El Peluquero – The Barber

My Dad will be 84 years old in a few months, and as far as I know he still cuts hair occasionally … which means that he has been a barber for close to 60 years.
 
Obviously, I didn´t have to pay for a haircut until after I left home at age 18 to go to college, but even then I timed my trips home for a few years to save some money by getting my hair cut while I was in Toledo.  Nonetheless, my trips back to Toledo soon became infrequent, and as I moved from Ohio to Tennessee to Texas while completing my college and graduate studies, I would always look for the cheapest haircut I could find.
 
In 1987 about halfway through my studies in Abilene, Texas, I found a barber who cut my hair for $4.  That old feller was 90 years old if he was a day, and I don´t really know if he only charged me $4 because his hands shook so bad or because he had not raised his rates in quite awhile.  In any case, he hacked me up pretty bad.  It just so happened that I was in Toledo not long after getting that haircut, and my Dad took one look at me and said, “How much did you pay for that haircut?”  And after I told him that I only paid $4, he said “Well you paid $4 too much!”  So then my Dad kindly fixed my haircut at no charge.
 
That $4 haircut remained my king of cheap haircuts for a long time, and as time passed by it looked like it would never be beaten and remain the all-time cheapest haircut … until I got my haircut today in Perú.  Today I got my haircut near the central market for only 4 Peruvian soles, which on the exchange means that I paid about $1.43.  Now that´s what I´m talking about!
 
I may have received a comparably priced haircut about 3 years ago while in Guatemala, but as I recall it was about $2.50 on the exchange.  But from now on, $1.43 for a haircut is the new benchmark and it will be tough to beat, and my Peruvian haircut was a full professional haircut that included whitewalls and a shaved neck with a brand new blade.  The barber shop, or peluquería, looked like a space that had been carved out of the side of a building, but who cares!  The peluquería had two barber chairs, and even some seating for those waiting for a haircut, and there was also barber-shop-like banter going on between the other peluquero and his client.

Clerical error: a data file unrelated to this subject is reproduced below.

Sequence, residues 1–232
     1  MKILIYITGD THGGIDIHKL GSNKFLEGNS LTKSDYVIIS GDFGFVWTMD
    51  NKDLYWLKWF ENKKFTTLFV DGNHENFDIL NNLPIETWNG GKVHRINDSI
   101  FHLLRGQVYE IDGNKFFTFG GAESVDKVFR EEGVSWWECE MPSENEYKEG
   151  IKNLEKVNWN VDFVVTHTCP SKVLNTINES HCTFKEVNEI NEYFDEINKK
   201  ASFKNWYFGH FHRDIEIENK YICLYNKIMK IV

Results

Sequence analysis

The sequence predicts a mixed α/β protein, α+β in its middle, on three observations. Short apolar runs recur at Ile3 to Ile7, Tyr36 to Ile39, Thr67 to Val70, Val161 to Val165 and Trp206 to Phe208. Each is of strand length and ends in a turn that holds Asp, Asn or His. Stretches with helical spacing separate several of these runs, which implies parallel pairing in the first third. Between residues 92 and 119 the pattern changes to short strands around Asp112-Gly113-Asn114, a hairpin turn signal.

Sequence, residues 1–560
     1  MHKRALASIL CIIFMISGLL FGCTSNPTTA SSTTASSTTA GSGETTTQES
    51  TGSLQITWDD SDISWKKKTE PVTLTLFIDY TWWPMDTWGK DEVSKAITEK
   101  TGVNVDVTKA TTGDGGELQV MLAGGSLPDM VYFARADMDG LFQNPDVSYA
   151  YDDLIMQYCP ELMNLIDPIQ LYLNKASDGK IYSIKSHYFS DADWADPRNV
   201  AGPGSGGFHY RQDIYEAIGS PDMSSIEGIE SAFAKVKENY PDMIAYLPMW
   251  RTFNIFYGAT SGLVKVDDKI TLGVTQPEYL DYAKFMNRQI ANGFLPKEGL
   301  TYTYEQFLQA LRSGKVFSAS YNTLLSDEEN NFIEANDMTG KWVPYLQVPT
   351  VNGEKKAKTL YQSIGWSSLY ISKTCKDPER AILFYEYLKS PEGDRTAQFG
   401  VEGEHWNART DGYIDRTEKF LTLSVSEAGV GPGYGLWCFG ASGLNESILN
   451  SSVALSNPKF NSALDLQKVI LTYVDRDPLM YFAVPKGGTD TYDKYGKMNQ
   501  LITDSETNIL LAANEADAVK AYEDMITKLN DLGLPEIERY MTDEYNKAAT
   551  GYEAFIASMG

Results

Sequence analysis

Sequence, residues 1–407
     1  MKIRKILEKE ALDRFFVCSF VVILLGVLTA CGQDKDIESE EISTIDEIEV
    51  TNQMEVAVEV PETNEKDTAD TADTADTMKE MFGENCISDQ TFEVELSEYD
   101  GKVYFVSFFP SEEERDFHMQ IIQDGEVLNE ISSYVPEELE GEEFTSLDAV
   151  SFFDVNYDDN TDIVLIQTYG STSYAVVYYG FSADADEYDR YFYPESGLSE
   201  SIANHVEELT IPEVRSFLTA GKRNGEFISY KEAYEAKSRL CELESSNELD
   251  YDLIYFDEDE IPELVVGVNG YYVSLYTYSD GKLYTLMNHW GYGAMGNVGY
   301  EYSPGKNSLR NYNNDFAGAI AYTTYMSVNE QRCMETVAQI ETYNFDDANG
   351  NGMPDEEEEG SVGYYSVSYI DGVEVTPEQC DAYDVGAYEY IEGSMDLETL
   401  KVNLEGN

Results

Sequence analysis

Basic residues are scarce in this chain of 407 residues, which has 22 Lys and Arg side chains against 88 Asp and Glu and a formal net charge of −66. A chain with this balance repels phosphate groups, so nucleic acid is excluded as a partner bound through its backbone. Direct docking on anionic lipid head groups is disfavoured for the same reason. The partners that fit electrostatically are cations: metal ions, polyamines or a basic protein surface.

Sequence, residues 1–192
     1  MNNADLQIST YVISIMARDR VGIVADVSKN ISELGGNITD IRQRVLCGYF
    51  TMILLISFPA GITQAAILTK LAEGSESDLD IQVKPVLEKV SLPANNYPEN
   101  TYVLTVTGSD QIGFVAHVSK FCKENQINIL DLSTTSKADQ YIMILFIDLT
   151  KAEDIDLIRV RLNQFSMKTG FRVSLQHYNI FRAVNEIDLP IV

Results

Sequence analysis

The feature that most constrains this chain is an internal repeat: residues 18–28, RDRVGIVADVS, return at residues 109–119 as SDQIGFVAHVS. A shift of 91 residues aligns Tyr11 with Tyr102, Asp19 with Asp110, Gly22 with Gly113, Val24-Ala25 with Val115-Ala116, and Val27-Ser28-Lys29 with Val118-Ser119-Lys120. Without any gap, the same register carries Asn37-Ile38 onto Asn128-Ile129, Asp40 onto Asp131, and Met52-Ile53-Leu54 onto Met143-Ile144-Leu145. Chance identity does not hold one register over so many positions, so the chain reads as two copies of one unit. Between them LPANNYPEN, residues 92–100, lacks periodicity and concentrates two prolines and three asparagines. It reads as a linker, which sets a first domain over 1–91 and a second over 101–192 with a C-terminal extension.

Of course, if I had paid for the amount of hair he cut off, I probably would have paid more.  When I sat down in the chair the peluquero asked me (as all good barbers do) how I would like my hair cut, and I told him “solo un poco” … which to me meant I wanted only a little taken off.  But evidently he thought that I meant “leave only a little” because he kept cutting and cutting and cutting.  At one point I could feel myself tense up while thinking, “Please stop snipping,” but I quickly realized that there was nothing I could do at that point, so I relaxed and I resigned myself to fate.  When he was done I gave him a 50% tip, which means I paid him 6 Peruvian soles which still is only $2.14 on the exchange.
 
Before I left I whipped out my camera and I held it at arm´s length to take a photo of me with my Peruvian Peluquero.  Unfortunately, I forgot to ask him his name, but he will forever be remembered by me as the provider of the cheapest haircut I ever had … at least the cheapest I can remember having to pay for.  I hope that my Dad does not have to fix it.  
This entry was posted in #Peru.